Second Shift, ten years later... and what's next

Ten years ago today, an audio drama podcast I co-wrote released its first episode

It was called "Everything to Everyone, Part 1," and the title was as much a reflection of the external pressures that the main character, Shauna, struggled with as it was about the script itself, which went through something like twenty-five substantial revisions. 

From the start, Second Shift was much more than just a podcast (or "podplay" as we were calling it mid-2006, at the early dawn of podcasting)—it was a unit of measurement that defined a certain period of my life. It grew to occupy every spare moment of my time for more than three years, and encroached too upon time I hadn't given it. I just could not say "no." Second Shift moved into my home, recording its episodes in my basement for the majority of its first season. It was my other girlfriend, my second and third job, my passion, the albatross around my neck... I don't know about "everyone," but for a long long time, it was everything to me.

I wasn't a "writer" before Second Shift

Not really. I mean, I had a degree in creative writing. (I had two, actually, and a resulting pile of student loan debt as tall or taller than my ambitions.) I read a lot of books about writing: Anne Lamott's Bird by Bird, Stephen King's On Writing, Annie Dillard's The Writing Life... if I couldn't bring myself to actually write, then surely reading these fine instruction manuals was almost as good?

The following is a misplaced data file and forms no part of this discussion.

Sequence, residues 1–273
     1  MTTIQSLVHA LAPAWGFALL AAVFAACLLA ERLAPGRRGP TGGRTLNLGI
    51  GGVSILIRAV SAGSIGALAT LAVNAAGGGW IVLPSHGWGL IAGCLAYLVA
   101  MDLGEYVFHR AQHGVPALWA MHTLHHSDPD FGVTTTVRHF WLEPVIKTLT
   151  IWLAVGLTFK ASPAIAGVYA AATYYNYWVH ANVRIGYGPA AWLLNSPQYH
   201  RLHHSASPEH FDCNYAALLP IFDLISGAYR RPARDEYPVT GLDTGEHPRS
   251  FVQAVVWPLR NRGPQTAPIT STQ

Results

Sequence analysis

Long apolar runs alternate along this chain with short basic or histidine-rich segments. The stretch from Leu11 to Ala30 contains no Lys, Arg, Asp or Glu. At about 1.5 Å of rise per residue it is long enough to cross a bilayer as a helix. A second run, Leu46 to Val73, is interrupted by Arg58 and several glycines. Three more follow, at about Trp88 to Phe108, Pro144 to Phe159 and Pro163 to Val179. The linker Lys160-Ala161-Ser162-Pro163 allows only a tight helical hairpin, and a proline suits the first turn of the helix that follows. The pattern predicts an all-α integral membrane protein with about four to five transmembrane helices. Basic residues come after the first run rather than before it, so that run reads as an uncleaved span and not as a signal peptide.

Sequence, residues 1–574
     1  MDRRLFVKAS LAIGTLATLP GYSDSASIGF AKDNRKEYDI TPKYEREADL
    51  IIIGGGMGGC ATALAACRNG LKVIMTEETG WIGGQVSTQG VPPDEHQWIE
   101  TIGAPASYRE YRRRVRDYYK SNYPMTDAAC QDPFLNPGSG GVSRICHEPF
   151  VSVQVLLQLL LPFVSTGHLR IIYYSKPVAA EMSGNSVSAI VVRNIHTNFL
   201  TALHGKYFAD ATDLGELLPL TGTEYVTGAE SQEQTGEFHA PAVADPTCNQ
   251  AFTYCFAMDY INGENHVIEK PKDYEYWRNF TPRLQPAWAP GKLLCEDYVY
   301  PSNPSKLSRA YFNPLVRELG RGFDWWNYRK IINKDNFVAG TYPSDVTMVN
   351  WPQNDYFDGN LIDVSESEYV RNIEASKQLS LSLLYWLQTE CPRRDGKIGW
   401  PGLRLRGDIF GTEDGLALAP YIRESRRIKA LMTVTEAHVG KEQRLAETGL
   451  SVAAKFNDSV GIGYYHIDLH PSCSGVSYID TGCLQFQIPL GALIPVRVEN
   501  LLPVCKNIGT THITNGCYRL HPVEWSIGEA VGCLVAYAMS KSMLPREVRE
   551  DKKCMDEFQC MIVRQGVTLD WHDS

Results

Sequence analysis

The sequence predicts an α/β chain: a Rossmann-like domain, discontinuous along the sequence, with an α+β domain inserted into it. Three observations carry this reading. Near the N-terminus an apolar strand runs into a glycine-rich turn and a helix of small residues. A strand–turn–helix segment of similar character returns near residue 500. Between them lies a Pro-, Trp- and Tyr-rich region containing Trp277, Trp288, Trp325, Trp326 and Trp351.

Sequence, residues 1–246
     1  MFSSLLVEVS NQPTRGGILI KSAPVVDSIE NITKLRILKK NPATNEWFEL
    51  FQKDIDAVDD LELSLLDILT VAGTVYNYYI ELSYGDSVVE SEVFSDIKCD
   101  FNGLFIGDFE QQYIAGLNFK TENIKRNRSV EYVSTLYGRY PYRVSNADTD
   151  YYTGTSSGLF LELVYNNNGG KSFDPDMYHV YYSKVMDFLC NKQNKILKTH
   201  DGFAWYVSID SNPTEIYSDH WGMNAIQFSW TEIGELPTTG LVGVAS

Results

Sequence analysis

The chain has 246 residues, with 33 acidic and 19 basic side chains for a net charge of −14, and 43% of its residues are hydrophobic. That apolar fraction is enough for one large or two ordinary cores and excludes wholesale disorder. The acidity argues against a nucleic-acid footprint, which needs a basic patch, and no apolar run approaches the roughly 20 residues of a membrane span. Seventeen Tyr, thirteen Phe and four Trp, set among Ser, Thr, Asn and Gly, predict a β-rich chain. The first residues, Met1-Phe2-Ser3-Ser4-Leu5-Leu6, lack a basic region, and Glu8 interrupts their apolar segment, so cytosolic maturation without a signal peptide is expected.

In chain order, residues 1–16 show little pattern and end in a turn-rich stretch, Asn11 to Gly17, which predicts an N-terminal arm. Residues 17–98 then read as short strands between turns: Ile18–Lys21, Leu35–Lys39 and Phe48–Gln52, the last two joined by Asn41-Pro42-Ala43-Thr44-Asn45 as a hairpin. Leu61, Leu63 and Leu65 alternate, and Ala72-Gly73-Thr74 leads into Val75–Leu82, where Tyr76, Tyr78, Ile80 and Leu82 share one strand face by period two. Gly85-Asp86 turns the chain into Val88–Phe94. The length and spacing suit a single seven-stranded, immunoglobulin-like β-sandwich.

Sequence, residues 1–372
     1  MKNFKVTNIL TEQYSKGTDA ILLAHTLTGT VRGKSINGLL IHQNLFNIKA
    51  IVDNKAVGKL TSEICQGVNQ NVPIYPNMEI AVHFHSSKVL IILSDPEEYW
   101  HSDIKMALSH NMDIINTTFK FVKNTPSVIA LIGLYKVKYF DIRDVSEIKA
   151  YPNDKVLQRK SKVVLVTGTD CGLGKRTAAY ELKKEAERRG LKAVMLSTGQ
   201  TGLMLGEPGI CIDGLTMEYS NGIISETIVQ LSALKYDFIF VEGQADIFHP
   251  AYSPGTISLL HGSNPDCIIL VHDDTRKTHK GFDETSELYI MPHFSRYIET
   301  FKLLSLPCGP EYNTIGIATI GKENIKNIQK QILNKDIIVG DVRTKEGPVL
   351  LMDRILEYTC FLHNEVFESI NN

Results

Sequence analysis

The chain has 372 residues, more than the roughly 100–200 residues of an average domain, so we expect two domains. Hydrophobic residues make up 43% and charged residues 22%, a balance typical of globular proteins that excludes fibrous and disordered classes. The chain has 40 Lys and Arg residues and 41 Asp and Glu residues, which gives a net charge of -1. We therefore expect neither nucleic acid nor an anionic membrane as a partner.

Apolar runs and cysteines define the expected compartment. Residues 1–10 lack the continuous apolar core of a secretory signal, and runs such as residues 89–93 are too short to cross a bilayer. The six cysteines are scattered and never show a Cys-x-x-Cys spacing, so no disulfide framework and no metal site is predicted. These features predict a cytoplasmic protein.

...Even if I'd read them several times before?

Once Second Shift really got going, I discovered an inspiration that remains, to this day, my greatest strength and greater vice—an overreliance on impossible deadlines. Sometimes we'd release an episode and I hadn't even started writing the next one yet. Let me tell you—the best possible cure for writer's block is a cast, crew, and growing audience waiting, sometimes impatiently, for your next script. 

I stopped thinking, finally, about whether or not I was a Writer. I just wrote.

Thirty episodes later, I learned some things

I learned how to work with a writing partner. I learned to stop being precious about my words. I learned that a bit of comedy helps the drama go down. I learned how weird and wonderful (weirdly wonderful?) it is for people to quote things that I wrote. I learned that my very favorite thing to write is characters over time—how they change, how they don't. I learned that I have surprisingly strong opinions about what makes a good episode title. I learned that having your characters bicker for an entire episode is fun for everyone except the audience. 

I learned to listen to the characters (sometimes, for kicks, I also listened to the actors). I learned how to work with directors who were not me. I learned how to fight when something was important. I learned to choose just a few important things, lest I always be fighting. I learned how to write a series finale that, deep down, I wanted to be just a season finale.